BrianHalim

This article was recently published on A Path to Forever Financial Freedom, and is republished with permission. The writer (left), who is in his late 20s, has a MBA degree.

I'VE INITIATED a small position in Noel Gifts International to test out the strategy I have previously discussed in my post on Design Studio (article here).

Since the counter is rather illiquid, I have only managed to purchase 40,000 shares at $0.295.

The idea of using this strategy is to test the psychological importance of paying out dividends out of earnings that is in excess of 10% yield in a single year. While this is not the most prudent way for the management to do so, it offers a good opportunity for investors to get in early in anticipation of a special dividend later in the year, where the company could make an announcement that I think will send the price rocketing upwards, similar to what recently happened to Design Studio.

My time frame for holding this counter will be somewhat short -- less than 2 years. I will explain later the significance of that holding period. This is rather out of character as I do not usually purchase a stock if I don't think the business is going to be a success for the long term. I have done my own due diligence on the matter and hope you will find this analysis useful. 



Noel_giftbag3.15Noel Gifts International is a leading hampers, flowers and gifts company. It has been in existence for the past 39 years and was listed on the SGX Mainboard in 2008. Photo: CompanyFinancials

Its gross margins over the years have been rather impressive given the relatively low entry barriers that the business operates under. I do not expect them to churn out a gross margin of around 50%.

The problem arises when you start looking at their overhead cost operations, with employee salaries being the main issue, along with other distribution costs. You can take a look at their financial statements to understand better of the situation. In general, the gross profit is barely covering the distribution costs and the employees' cost despite their impressive margins turnover over the past few years.

With overhead costs only going to go up with increases in salaries, the only solution is to increase the volume they sell and improve productivity per worker. We can see a lot of companies doing that on the productivity KPIs these days.

 

Revenue ($M)

Gross Profit Margin

NOPAT ($M)

EPS
(cents) w
 fair value adjustment

EPS
(cents) w/o fair value adjustment

2011

26.1

47.1%

3.6

3.57

2.70

2012

25.7

47.2%

3.2

3.12

1.35

2013

28.1

47.1%

4.9

4.81

1.45

2014

27.6

48.4%

1.6

1.54

1.54

HY15

10.2

51.6%

2.0

1.98

1.98



The EPS that you see in 2012 and 2013 were inflated due to one-off fair value adjustments on investment properties. Again, this is one aspect of accounting treatment that I have repeatedly emphasized on this blog that may skew the net operating profit after tax (NOPAT). Without accounting for such adjustments, the EPS is rather stable at around 1.50 cents/share.

The company has interestingly been dishing out aggressive dividends of around 1.50 cents/share, which is around what it earns for its core businesses. I can understand why they have maintained the dividends in 2012 and 2013 even when EPS was higher than usual because the gain is mostly on the adjustment which does not impact the cashflow. As far as cashflow is concerned, they are paying out mostly from earnings.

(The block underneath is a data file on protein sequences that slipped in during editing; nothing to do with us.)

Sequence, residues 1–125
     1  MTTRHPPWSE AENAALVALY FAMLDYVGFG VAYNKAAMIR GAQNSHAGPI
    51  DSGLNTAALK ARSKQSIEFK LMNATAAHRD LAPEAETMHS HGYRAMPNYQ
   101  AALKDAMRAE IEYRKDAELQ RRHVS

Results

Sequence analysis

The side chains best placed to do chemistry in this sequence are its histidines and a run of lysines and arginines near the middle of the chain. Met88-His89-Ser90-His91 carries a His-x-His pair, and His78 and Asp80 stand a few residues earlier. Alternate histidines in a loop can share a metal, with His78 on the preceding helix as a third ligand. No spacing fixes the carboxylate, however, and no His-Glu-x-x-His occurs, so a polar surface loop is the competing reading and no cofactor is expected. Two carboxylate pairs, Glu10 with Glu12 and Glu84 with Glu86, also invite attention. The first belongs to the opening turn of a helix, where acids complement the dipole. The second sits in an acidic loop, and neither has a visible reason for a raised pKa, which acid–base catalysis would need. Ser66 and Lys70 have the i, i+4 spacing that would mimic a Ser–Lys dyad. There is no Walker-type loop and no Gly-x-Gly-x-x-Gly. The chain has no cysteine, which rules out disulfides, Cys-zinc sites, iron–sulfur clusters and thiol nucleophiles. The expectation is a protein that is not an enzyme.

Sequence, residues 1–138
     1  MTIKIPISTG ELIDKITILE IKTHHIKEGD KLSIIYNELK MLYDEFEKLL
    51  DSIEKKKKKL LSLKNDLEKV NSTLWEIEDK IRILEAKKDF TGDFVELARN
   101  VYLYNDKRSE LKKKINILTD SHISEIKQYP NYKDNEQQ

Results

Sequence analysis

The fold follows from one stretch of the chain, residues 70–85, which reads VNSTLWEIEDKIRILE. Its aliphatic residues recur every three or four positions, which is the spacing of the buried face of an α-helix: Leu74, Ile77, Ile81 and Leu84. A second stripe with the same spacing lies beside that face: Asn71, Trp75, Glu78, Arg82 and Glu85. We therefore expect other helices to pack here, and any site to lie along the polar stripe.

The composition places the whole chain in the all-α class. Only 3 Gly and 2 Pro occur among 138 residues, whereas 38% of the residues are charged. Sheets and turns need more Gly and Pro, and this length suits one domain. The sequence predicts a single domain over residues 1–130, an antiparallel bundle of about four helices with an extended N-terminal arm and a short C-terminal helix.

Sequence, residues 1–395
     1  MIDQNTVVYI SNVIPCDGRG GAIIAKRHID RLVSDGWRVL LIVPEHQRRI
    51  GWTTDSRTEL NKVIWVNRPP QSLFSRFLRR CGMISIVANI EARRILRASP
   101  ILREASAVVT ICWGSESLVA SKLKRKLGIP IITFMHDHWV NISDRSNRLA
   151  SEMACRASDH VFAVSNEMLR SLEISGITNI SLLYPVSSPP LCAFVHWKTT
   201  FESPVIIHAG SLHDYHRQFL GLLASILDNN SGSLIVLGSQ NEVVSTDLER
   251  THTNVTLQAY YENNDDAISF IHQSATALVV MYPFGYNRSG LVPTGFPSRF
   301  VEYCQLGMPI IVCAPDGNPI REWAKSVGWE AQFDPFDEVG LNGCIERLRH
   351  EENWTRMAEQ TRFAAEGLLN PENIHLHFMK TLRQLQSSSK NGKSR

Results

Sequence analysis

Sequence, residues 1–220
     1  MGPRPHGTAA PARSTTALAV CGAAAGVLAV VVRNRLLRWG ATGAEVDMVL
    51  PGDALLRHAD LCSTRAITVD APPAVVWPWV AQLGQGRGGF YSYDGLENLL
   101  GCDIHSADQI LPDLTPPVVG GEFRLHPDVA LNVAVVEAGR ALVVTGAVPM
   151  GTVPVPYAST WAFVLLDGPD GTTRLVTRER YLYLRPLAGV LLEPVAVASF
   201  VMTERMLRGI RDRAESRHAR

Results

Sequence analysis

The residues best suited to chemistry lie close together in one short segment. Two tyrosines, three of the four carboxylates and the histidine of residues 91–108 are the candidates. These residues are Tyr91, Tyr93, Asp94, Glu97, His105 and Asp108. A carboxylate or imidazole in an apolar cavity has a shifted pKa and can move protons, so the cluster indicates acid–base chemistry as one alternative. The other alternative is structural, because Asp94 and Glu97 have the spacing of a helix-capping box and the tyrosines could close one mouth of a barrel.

EPS (cents) w fair value adjustment

EPS (cents) w/o fair value adjustment

Dividends

Payout Ratio

Dividend Yield

2011

3.57

2.70

1.50

42.0%

6.8%

2012

3.12

1.35

1.30

41.7%

5.9%

2013

4.81

1.45

1.50

31.2%

5.6%

2014

1.54

1.54

1.50

97.4%

6.0%

HY15

1.98

1.98

?

?

?



Noel_cancel3.15Cash Conversion Cycle

I am curious about the way the business is operating in terms of cash conversion and my initial thoughts have proven to be somewhat right.

As you can see in the table below, the number of days of sales outstanding (DSO) is around 21 days while days of payable outstanding (DPO) is about 16 days. What this means is that the company is churning out their working capital (excluding inventory) just about fine in terms of receivable and payable.

You'd always want to receive money as soon as possible while delaying payments to suppliers as long as possible if you are acting as a business owner and it makes sense because you want to turnaround cash to your advantage as soon as possible.

The reason I have actually struck out the inventory portion is to highlight the business that they are operating under. 

As a company operating in the hampers and gifts business, they will always have to stock their inventories in advance and ensure that they re-stock their inventories ahead of the festive demand. 

The good thing is most of the inventories will be hardly be obsolete since they can last for some time on the shelf. It is also easy to predict whether business volume is going to increase by checking whether inventory holding has increased or decreased. 

noel_inventory3.15aIf they are expecting business to increase, we should see a corresponding increase in the inventory, just like what is going to happen in 2015 due to the demand for the SG50 celebrations.

It is important to note that the company is operating under a debt free scenario for a few years now, so the balance sheet looks relatively clean but the return on equity is pretty poor due to the poor turnover of its return on assets, despite the high margin they are churning out.

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